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Articles

  • November 1, 2000

    How To Teach A Shelter Dog to Sit

    Find out how you can have your canines sittin' pretty when prospective adopters approach.

  • September 1, 2000

    How to Lead a Shelter Tour

    Conducting a tour of your facility is a great way to show the public just how much you do. These guidelines are geared toward a children's school-group tour, but they can be modified for adolescents, special-needs groups, or adults. 

  • July 1, 2000

    How to Sex Small Mammals

    When examining creatures this small, it's all in the details. Read on to find out how you can easily tell the boys from the girls.

  • May 1, 2000

    How to Care for Rats and Mice

    Here's how to care for the little whiskered fellows when they arrive at your facility.

  • March 1, 2000

    How to Care for Gerbils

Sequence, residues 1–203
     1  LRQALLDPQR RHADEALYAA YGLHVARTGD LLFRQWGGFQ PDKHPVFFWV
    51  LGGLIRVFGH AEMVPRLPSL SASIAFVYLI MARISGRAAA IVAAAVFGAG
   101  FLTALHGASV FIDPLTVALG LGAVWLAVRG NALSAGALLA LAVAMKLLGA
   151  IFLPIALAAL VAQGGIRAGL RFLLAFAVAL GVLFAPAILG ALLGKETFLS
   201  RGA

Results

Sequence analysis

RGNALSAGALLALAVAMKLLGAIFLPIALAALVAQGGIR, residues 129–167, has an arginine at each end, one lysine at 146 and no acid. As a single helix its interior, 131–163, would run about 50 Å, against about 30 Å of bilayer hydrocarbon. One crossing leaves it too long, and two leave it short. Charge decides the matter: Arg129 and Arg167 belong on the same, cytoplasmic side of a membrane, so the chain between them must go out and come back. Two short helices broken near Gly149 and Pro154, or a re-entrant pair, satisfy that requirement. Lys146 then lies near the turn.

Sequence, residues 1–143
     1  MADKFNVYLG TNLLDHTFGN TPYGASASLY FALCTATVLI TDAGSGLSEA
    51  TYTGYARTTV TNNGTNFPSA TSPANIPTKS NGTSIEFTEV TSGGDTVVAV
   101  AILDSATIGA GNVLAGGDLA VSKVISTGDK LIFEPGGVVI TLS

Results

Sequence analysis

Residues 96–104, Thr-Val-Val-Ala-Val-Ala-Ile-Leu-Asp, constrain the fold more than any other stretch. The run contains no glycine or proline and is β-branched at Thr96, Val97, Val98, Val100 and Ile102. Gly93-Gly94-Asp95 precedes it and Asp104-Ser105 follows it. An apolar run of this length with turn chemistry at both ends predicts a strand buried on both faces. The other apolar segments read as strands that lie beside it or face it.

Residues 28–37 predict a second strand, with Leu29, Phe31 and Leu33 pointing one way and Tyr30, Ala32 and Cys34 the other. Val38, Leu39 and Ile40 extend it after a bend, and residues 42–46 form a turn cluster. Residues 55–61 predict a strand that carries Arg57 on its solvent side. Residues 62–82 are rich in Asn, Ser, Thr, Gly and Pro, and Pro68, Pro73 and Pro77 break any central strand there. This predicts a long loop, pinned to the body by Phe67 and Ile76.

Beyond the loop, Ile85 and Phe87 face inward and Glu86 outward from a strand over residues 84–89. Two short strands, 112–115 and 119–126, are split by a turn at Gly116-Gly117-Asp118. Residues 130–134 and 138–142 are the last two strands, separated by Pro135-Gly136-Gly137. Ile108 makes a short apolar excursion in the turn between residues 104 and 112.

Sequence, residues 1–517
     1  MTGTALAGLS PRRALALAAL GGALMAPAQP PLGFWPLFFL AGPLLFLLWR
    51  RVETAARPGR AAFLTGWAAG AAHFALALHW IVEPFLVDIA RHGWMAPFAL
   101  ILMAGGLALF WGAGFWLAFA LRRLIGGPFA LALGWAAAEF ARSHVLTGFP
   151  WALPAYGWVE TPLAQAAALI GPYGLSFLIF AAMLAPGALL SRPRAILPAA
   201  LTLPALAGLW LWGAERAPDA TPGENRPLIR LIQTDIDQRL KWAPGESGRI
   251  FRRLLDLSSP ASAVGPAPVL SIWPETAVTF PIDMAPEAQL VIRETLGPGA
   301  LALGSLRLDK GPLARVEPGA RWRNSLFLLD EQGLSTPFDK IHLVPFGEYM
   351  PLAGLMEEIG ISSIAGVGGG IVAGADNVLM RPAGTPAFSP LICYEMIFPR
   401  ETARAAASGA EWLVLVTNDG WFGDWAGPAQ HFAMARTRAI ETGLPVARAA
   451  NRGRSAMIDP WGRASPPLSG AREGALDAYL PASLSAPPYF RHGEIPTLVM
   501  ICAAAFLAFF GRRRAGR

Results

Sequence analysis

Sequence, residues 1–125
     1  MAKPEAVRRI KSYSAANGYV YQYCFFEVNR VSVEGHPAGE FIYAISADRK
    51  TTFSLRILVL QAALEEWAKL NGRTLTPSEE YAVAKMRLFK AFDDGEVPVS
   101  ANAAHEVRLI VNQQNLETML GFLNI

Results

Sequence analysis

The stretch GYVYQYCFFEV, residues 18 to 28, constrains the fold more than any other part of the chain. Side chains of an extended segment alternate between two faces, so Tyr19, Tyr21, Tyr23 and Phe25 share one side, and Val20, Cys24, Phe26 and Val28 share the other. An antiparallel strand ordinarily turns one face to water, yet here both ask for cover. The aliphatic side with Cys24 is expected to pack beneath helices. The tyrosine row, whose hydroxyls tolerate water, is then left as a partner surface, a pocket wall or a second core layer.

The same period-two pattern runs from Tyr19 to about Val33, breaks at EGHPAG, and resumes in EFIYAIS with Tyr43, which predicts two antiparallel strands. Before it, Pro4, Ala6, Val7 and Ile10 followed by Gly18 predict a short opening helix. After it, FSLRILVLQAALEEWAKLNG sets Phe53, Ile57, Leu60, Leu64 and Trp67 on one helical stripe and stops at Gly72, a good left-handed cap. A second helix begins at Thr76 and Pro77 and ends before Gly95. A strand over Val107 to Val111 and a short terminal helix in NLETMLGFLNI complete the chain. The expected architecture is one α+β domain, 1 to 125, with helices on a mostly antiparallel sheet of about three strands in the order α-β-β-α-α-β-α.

Gerbils can be happy and healthy almost anywhere???including during their temporary stay at your shelter???provided you follow these guidelines.

  • January 1, 2000

    How to Bathe a Dog

    Even though a good bath is one of the kindest things you can give your shelter's dogs, chances are they're not going to see it that way.

  • November 1, 1999

    How to Write a Cage Card

    The cards clipped to dog kennels and cat cages usually include just a few descriptive words, but they could be the most important words you write all day.

  • September 1, 1999

    How to Care for Hamsters

    Today, hamsters' friendly nature and adaptability have placed them among America's most popular small pets. To learn how to fulfill the special needs of these cuddly creatures, some of whom inevitably end up at shelters, follow these suggestions.

  • July 1, 1999

    How to Care for Guinea Pigs

    Like rabbits, ferrets, and other small domesticated mammals, guinea pigs require an environment and treatment distinct from dogs and cats.

  • May 1, 1999

    How to Care for Ferrets

    Ferrets were once an uncommon sight in most animal shelters, but now many facilities have a separate cage or two set aside for these sociable creatures. Still, many animal care workers are unaware of the special needs of these domesticated weasels. 

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